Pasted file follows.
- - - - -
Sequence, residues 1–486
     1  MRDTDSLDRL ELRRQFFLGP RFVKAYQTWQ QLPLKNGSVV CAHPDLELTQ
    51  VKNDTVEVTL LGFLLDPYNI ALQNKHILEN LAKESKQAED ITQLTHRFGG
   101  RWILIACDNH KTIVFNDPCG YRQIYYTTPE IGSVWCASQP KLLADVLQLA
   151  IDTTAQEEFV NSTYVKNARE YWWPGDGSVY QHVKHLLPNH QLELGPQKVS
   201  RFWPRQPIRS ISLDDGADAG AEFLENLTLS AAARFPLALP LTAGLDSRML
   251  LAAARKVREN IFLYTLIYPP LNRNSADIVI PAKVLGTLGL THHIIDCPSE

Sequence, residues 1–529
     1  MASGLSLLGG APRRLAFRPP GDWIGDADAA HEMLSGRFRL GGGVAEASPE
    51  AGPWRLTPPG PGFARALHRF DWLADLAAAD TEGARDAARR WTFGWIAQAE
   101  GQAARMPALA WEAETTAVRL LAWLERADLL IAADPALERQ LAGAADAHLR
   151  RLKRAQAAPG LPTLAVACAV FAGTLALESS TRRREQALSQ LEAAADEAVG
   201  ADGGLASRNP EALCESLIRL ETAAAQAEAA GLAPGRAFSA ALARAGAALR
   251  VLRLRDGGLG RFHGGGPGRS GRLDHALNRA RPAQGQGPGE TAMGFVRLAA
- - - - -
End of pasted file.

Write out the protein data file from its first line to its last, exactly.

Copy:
Sequence, residues 1–486
     1  MRDTDSLDRL ELRRQFFLGP RFVKAYQTWQ QLPLKNGSVV CAHPDLELTQ
    51  VKNDTVEVTL LGFLLDPYNI ALQNKHILEN LAKESKQAED ITQLTHRFGG
   101  RWILIACDNH KTIVFNDPCG YRQIYYTTPE IGSVWCASQP KLLADVLQLA
   151  IDTTAQEEFV NSTYVKNARE YWWPGDGSVY QHVKHLLPNH QLELGPQKVS
   201  RFWPRQPIRS ISLDDGADAG AEFLENLTLS AAARFPLALP LTAGLDSRML
   251  LAAARKVREN IFLYTLIYPP LNRNSADIVI PAKVLGTLGL THHIIDCPSE

Sequence, residues 1–529
     1  MASGLSLLGG APRRLAFRPP GDWIGDADAA HEMLSGRFRL GGGVAEASPE
    51  AGPWRLTPPG PGFARALHRF DWLADLAAAD TEGARDAARR WTFGWIAQAE
   101  GQAARMPALA WEAETTAVRL LAWLERADLL IAADPALERQ LAGAADAHLR
   151  RLKRAQAAPG LPTLAVACAV FAGTLALESS TRRREQALSQ LEAAADEAVG
   201  ADGGLASRNP EALCESLIRL ETAAAQAEAA GLAPGRAFSA ALARAGAALR
   251  VLRLRDGGLG RFHGGGPGRS GRLDHALNRA RPAQGQGPGE TAMGFVRLAA